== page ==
History:A-10's First Kill of an Iraqi Chopper

The A-10 Thunderbolt II, known affectionately as the Warthog, is the U.S. Air Force’s most beloved and capable close air support craft. Its low airspeed and low altitude ability give it an accuracy unmatched by any aircraft in the Air Force fleet.

The A-10 Thunderbolt II, known affectionately as the Warthog, is the U.S. Air Force’s most beloved and capable close air support craft. Its low airspeed and low altitude ability give it an accuracy unmatched by any aircraft in the Air Force fleet. No matter what anyone in an Air Force uniform tells you.

chopper popper

Sorry, Bruh. (U.S Air Force photo)

Read Now: Watch the effects of an A-10’s GAU-8 cannon on an enemy building

For one A-10 pilot, the CAS world was turned upside down in the First Gulf War. Captain Bob Swain was flying anti-armor sorties in central Kuwait during Operation Desert Storm. After dropping six 500-pound bombs and taking out two Iraqi tanks with Maverick missiles, he saw potential tangos several miles away, just barely moving around.

“I noticed two black dots running across the desert that looked really different than anything I had seen before,” Swain told the LA Times in a February 1991 interview. “They weren’t putting up any dust and they were moving fast and quickly over the desert.”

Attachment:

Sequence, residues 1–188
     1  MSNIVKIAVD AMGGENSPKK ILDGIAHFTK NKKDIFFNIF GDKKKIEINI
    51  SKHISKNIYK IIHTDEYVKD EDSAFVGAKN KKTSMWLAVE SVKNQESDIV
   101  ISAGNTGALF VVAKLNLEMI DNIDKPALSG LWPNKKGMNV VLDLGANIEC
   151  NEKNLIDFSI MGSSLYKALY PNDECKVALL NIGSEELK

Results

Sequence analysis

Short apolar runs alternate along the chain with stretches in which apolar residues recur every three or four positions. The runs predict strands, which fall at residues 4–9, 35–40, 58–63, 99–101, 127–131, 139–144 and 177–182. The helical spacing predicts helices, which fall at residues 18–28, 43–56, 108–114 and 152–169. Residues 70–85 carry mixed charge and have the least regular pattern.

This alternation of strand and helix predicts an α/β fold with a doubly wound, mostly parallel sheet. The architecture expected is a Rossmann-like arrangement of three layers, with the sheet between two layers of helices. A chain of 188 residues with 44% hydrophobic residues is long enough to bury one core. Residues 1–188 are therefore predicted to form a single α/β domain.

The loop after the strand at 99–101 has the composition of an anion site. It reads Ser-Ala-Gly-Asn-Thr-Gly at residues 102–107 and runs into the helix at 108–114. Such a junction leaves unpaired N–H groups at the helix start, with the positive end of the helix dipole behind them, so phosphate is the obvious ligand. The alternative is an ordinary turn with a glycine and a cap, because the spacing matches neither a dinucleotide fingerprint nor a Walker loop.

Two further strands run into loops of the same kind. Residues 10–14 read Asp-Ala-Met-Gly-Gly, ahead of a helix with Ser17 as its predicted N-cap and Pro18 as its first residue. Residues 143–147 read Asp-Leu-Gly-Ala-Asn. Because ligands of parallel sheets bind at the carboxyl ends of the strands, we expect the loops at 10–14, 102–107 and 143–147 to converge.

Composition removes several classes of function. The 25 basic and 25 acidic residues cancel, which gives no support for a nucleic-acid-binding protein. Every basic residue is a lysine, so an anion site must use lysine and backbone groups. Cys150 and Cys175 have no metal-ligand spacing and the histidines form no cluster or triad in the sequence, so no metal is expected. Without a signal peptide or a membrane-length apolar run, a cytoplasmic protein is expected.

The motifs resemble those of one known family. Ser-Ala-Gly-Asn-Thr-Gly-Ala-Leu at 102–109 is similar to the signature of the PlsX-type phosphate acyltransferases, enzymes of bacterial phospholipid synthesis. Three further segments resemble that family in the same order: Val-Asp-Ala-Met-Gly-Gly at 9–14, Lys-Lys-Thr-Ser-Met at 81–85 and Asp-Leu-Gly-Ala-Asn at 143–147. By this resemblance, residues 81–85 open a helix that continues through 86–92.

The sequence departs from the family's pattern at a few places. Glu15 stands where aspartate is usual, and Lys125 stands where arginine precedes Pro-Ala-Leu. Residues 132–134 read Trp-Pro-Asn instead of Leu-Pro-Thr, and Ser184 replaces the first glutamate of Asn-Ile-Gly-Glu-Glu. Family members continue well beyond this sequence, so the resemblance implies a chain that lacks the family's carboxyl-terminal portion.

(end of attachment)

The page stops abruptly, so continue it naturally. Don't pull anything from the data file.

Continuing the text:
He was tracking what he thought was a helicopter. When his OV-10 Bronco observation plane confirmed the target, Swain moved in for the kill. One of the targets broke off and moved north (back toward Iraq), the other moved south. The A-10 pilot tracked the one moving south but couldn’t get a lock with his AIM-9 Sidewinder missiles because the target was too close to the ground, just 50 feet above.

So he switched to the A-10’s 30mm GAU-8 Avenger cannon – aka the BRRRRRT.

chopper popper

“Umm… if I promise to pull up will you just kill me with missiles?”

It would be the first air-to-air kill in the A-10’s operational history. But Swain didn’t know that. He was just concerned with taking it down and started firing a mile away from the helicopter. His shots were on target, but the helicopter didn’t go down.

“On the final pass, I shot about 300 bullets at him,” Swain recalled to a press pool at the time. “That’s a pretty good burst. On the first pass, maybe 75 rounds. The second pass, I put enough bullets down, it looked like I hit with a bomb.”

Swain with the Chopper Popper in 1991. (Air Force Reserve via Facebook)

Swain’s A-10 became known as the “Chopper Popper” in Air Force lore and is now displayed on the grounds of the U.S. Air Force Academy in Colorado Springs.

chopper popper

The “Chopper Popper” on display at the Air Force Academy.

“We tried to identify the type of [helicopter] after we were finished, but it was just a bunch of pieces,” he later told the Air Force Academy’s news service.

After the war, Swain went back to his job flying Boeing 747s for U.S. Air and is still in the Air Force Reserve, now with the rank of Colonel.

ByBlake Stilwell
Feb 16, 2017 12:10:01 pm

Blake Stilwell is a traveler and writer with expertise in television & film, international relations, public relations, and the Middle East. He is a veteran USAF combat cameraman whose civilian work includes ABC News, NBC, HBO, and the White House. Blake is based in LA but often found elsewhere.

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